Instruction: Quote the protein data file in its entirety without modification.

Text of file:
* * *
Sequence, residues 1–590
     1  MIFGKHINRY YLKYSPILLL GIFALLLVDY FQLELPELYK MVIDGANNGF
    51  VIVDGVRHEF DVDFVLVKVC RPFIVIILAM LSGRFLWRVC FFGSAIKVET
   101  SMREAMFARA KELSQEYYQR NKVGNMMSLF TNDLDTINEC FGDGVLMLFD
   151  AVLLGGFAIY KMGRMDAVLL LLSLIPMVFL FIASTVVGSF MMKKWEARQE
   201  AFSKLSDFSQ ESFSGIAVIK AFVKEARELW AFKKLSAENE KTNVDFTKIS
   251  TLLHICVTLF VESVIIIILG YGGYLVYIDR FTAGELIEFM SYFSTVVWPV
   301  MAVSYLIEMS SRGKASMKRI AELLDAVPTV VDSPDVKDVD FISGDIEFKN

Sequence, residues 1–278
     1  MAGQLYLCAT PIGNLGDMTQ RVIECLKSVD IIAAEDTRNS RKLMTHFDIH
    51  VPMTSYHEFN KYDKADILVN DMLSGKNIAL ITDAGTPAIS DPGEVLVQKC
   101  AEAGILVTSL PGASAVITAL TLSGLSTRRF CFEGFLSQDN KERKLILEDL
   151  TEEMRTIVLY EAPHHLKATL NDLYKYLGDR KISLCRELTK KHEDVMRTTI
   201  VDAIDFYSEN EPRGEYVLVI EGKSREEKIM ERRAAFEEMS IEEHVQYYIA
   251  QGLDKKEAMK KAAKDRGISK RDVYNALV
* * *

Sequence, residues 1–590
     1  MIFGKHINRY YLKYSPILLL GIFALLLVDY FQLELPELYK MVIDGANNGF
    51  VIVDGVRHEF DVDFVLVKVC RPFIVIILAM LSGRFLWRVC FFGSAIKVET
   101  SMREAMFARA KELSQEYYQR NKVGNMMSLF TNDLDTINEC FGDGVLMLFD
   151  AVLLGGFAIY KMGRMDAVLL LLSLIPMVFL FIASTVVGSF MMKKWEARQE
   201  AFSKLSDFSQ ESFSGIAVIK AFVKEARELW AFKKLSAENE KTNVDFTKIS
   251  TLLHICVTLF VESVIIIILG YGGYLVYIDR FTAGELIEFM SYFSTVVWPV
   301  MAVSYLIEMS SRGKASMKRI AELLDAVPTV VDSPDVKDVD FISGDIEFKN

Sequence, residues 1–278
     1  MAGQLYLCAT PIGNLGDMTQ RVIECLKSVD IIAAEDTRNS RKLMTHFDIH
    51  VPMTSYHEFN KYDKADILVN DMLSGKNIAL ITDAGTPAIS DPGEVLVQKC
   101  AEAGILVTSL PGASAVITAL TLSGLSTRRF CFEGFLSQDN KERKLILEDL
   151  TEEMRTIVLY EAPHHLKATL NDLYKYLGDR KISLCRELTK KHEDVMRTTI
   201  VDAIDFYSEN EPRGEYVLVI EGKSREEKIM ERRAAFEEMS IEEHVQYYIA
   251  QGLDKKEAMK KAAKDRGISK RDVYNALV